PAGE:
Dogs bark. Some bark a little. Some bark a lot. Some bark incessantly. But all of them bark.
And incessant barking can become a nuisance. But often, it can be mitigated via training and management.
An appeals court in Oregon doesn't seem to understand this. The court of appeals has upheld a previous ruling that a couple must cut the vocal cords — a procedure known in veterinary medical terms as "ventriculocordectomy," but is commonly referred to as "debarking" — of the dogs they breed and use to protect their sheep.
This is a case that goes back a ways. In 2004 and 2005, the couple was cited by Jackson County, Ore. for allowing their dogs to bark incessantly and violate a county noise ordinance. The couple argued that the ordinance doesn't apply because their land is actually a farm, which falls under different ordinances. The courts have so far disagreed, however, and the couple was fined and ordered to debark the dogs or move them to a different area of the farm.
It's unclear, according to the Washington Post article I linked above, whether the dogs were debarked, but in 2012, neighbors filed a lawsuit against the couple, claiming necessary actions had not been taken to prevent or control the barking. In 2015, a jury sided with the neighbors and ordered the couple to debark the dogs and though the couple appealed, the appeals court ruled that the lower court's ruling should stand.
Now, it certainly seems like the couple with the dogs has not done enough to control or mitigate the barking. Rather, they simply keep suggesting that the noise ordinances should not apply because the dogs are on a farm. There's no evidence at all that they have tried any sort of training or behavior modification. There's no evidence at all they have had the dogs examined by a veterinarian or veterinary behaviorist to ensure the incessant barking isn't indicative of a larger medical issue.
That said, the failure of the owners should not cause the dogs to suffer. Debarking is regarded among groups like the American Society for the Prevention of Cruelty to Animals, the American Veterinary Medical Association and the Humane Society of the United States as a medically unnecessary procedure. Per an ASPCA policy statement:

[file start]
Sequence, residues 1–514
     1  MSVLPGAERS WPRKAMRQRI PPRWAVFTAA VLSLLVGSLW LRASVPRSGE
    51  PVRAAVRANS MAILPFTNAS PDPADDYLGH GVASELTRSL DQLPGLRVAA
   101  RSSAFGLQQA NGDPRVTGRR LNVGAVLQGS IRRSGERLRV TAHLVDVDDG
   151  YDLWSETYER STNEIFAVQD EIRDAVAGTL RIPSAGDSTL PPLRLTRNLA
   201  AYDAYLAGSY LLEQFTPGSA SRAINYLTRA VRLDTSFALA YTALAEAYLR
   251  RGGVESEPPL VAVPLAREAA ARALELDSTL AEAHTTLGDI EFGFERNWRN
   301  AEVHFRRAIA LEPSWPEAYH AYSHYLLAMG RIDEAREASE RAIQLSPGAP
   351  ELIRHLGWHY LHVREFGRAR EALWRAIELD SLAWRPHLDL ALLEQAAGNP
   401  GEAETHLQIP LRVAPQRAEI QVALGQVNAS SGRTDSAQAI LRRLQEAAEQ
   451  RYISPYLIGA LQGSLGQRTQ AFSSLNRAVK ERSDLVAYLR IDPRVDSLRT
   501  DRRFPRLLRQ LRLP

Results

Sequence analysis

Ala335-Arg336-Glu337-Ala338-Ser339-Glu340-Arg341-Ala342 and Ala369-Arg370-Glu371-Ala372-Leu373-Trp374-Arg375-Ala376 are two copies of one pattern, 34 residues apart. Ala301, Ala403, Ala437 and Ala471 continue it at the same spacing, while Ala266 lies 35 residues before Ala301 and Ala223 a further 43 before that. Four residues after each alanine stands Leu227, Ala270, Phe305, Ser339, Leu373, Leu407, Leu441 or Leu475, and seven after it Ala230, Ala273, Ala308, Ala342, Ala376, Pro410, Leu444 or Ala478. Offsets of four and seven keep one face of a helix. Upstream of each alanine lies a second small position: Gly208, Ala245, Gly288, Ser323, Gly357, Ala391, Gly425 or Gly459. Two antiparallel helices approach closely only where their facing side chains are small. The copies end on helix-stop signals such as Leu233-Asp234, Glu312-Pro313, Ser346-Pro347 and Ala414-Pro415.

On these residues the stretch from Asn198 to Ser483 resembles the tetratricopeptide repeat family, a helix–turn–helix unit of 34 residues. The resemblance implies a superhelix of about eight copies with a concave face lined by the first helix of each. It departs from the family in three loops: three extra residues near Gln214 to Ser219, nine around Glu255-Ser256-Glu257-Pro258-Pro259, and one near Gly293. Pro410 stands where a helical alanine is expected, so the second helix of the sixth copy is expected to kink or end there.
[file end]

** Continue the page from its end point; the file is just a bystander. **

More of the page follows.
"Normal companion animal behaviors such as barking in dogs and even biting in some circumstances, and scratching and spraying in cats, may be considered very undesirable by their guardians. The ASPCA believes that a combination of training and environmental management is the appropriate way to resolve these so-called nuisance behaviors [see Training Aids/Methods and Behavioral Pharmacology]. The ASPCA does not support the use of surgical procedures that attempt to circumvent the behavioral issue while exposing pets to unnecessary discomfort and risk."
Debarking is cruel. It's inhumane. It's wrong. Dogs bark. It's an important method of communication. Should the owners have to do something to mitigate their dogs' nuisance barking? Absolutely. But is debarking the answer? Definitely not.
I would be ok with the courts ordering the couple to get their dogs into some sort of training program designed to mitigate the barking. I would be just fine with the courts ordering the owners to put the dogs on some kind of medication if a vet or veterinary behaviorist can determine that the barking is due to an unresolved medical and/or neurological issue of some sort.
But forcing the dogs to undergo an invasive, painful and medically unnecessary surgical procedure? That's just wrong.
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